Irreverent city engineer Behzad comes to a rural village in Iran to keep vigil for a dying relative. In the meanwhile the film follows his efforts to fit in with the local community and how he changes his own attitudes as a result.
Roushan Karam Elmi
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Mohamad Ali Keshavarz,
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Mohammad Amir Naji,
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A married couple are faced with a difficult decision - to improve the life of their child by moving to another country or to stay in Iran and look after a deteriorating parent who has Alzheimer's disease.
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Slow but rather rewarding even if some aspects were lost on me
Mohamed Reda Nematzadeth has been told off three times already for not doing his homework in the book provided, next time he fails to do it in the book he will be expelled. So whenever his classmate Ahmed gets home and finds that Mohamed's book is in his bag. Knowing that it will be his fault that his friend gets into trouble, he tries to get his mother to help him return it but, when she refuses, he sneaks out of the house knowing only that Mohamed lives in an area several miles away across the hills. Getting to the area turns out to be the easy part as, regardless of who he asks, few are able or willing to help him find the house of his friend.
It is perhaps fitting (and pointless) that Channel 4 in the UK chose to broadcast a short season of films from Iran; after all, Iran is being talked about in the same way as Iraq was a year before we went to war with them, so it looks like some form of action may be taken against Iran a country that few people really know a great deal about. I don't think that watching a few films from a country will teach you all you need to know about it, but it is a start I suppose and kudos to Channel 4 for giving up so much time (albeit late night) to screen 2-3 films a night for a week. This was the first in the mini-season and it presents a disarmingly simple story to provide an insight into life in a semi-rural area of Iran although it is certainly too slow, uneventful and layered to really learn a great deal from. For starters the plot is simple and does as little as my plot summary suggests it does; viewers reared on "bang a minute" action films will certainly not be impressed by the pace, the delivery or the conclusion. I enjoyed it but even I must admit that the running time did have a certain about of slack in it that could have been taken in a bit without losing too much.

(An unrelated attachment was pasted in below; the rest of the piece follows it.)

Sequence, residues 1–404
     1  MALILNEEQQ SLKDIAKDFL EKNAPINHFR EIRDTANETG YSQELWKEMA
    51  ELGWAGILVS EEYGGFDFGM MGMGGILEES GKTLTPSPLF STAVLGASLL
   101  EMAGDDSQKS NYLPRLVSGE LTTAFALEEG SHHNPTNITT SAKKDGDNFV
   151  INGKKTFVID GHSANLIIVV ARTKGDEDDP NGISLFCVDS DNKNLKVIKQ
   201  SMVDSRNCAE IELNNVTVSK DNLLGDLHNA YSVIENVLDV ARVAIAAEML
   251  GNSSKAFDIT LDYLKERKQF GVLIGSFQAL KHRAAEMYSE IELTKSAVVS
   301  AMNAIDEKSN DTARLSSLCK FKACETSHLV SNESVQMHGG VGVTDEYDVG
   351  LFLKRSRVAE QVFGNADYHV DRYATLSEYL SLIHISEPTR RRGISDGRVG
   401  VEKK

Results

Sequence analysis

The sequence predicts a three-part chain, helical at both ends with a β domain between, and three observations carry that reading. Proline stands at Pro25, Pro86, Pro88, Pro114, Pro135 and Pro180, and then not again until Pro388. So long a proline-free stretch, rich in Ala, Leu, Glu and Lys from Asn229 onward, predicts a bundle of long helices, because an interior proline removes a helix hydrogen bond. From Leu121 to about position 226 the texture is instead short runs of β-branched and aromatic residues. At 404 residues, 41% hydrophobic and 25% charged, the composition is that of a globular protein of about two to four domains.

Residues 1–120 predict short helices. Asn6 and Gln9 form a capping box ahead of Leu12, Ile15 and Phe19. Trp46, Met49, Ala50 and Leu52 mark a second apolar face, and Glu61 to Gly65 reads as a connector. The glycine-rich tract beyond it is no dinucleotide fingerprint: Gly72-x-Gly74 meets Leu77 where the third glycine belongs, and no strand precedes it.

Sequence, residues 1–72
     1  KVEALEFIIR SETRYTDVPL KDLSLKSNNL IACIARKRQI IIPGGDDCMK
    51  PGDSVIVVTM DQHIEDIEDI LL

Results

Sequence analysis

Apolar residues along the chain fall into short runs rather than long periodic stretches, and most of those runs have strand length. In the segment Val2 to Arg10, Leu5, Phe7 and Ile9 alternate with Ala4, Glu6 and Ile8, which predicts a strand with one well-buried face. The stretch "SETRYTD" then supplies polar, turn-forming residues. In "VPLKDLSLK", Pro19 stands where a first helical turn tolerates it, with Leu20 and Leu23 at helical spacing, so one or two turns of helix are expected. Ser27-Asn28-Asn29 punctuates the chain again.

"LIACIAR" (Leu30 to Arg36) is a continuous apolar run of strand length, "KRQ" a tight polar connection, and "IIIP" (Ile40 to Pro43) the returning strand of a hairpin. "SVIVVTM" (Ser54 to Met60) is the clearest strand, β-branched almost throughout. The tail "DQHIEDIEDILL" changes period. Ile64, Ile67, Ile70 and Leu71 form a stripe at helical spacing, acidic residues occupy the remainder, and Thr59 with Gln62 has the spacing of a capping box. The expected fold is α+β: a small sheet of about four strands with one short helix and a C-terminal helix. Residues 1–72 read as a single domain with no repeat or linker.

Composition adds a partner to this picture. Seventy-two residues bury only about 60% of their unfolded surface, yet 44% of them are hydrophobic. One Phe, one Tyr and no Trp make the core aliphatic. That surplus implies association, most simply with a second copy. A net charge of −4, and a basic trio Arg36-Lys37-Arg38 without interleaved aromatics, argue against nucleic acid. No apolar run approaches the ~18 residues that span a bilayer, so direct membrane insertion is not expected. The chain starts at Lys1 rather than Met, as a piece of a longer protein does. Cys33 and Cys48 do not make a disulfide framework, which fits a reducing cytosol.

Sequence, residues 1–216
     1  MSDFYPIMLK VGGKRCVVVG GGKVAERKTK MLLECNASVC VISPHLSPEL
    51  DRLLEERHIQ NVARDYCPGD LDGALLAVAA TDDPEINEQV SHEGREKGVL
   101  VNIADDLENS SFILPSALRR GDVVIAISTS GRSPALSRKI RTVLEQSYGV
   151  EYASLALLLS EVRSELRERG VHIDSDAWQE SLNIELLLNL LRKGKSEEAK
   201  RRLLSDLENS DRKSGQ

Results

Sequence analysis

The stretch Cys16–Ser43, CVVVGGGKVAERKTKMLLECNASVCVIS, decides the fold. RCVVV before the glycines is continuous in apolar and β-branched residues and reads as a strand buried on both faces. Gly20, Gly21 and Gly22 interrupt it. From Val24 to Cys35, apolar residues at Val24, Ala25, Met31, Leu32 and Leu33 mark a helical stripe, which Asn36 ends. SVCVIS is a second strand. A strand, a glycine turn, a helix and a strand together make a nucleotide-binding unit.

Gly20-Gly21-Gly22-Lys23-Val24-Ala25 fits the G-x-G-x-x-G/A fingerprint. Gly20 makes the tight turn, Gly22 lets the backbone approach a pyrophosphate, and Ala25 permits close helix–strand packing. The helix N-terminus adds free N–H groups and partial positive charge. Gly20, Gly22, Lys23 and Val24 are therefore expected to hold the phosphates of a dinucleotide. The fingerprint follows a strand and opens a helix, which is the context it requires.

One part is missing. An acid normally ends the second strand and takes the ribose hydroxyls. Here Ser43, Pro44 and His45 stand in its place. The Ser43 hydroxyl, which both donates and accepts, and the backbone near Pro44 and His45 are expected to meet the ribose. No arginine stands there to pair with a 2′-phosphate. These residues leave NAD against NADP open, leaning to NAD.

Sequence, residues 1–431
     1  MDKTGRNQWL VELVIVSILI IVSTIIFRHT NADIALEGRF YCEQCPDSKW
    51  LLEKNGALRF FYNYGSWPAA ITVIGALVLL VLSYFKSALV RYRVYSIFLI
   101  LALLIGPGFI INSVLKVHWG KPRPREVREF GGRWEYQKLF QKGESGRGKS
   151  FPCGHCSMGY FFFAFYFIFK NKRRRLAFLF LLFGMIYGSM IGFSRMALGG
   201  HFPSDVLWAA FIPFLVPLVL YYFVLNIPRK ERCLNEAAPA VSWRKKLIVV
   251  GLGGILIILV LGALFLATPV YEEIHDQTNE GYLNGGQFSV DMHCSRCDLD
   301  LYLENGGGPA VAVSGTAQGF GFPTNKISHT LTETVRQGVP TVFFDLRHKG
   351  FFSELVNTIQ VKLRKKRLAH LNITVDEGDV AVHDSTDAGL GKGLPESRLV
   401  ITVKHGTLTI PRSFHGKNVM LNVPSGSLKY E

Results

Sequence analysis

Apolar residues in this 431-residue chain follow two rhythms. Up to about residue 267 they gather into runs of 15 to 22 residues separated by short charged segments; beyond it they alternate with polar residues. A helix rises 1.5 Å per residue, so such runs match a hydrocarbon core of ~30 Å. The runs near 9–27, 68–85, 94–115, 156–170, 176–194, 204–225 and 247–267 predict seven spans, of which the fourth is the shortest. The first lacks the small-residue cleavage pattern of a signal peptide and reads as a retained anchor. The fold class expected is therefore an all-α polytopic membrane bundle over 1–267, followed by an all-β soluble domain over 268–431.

The actual story is just a frame to see aspects of life in Iran behaviour, environment, habits and conditions; to the unfamiliar (such as myself) this will provide distraction easily enough as it is interesting in what it does, although I suspect that more was lost on me than I realised. I got the impression that the story was a metaphor for Iran and that the themes of doing the right thing, being distracted by individual minor squabbles, giving for others etc were all set within a national context that I failed to understand, perhaps a little help for the uninitiated would have been useful in the shape of text explaining the country up front? Regardless, this is my loss and the film owes me nothing; I still felt that the theme that really Ahmed's ongoing thoughtfulness and friendship was more useful than just finding the boy's house worked not easily reached perhaps but it is there.
The performances are all convincingly natural and the camera could easily not have been there. Babek Ahmed Poor's Ahmed naturally steals the film and, although he doesn't show a great range he is as natural and as likable as the film required him to be you forget he is acting and this could easily be fly-on-the-wall stuff. Likewise, the support cast all come off the same albeit with less screen time they provide an interesting view of the country and fill out the story with colour.
Overall then, not the film to watch if you are itching for the US to attack Iran, nor if you prefer more action and less talk; but it is an interesting and worthwhile film nonetheless. Despite feeling that some of it was lost on me, I still enjoyed the central theme of friendship and the tour around some aspects of Iranian life while it greatly benefited from a very natural delivery from all sides of the camera.
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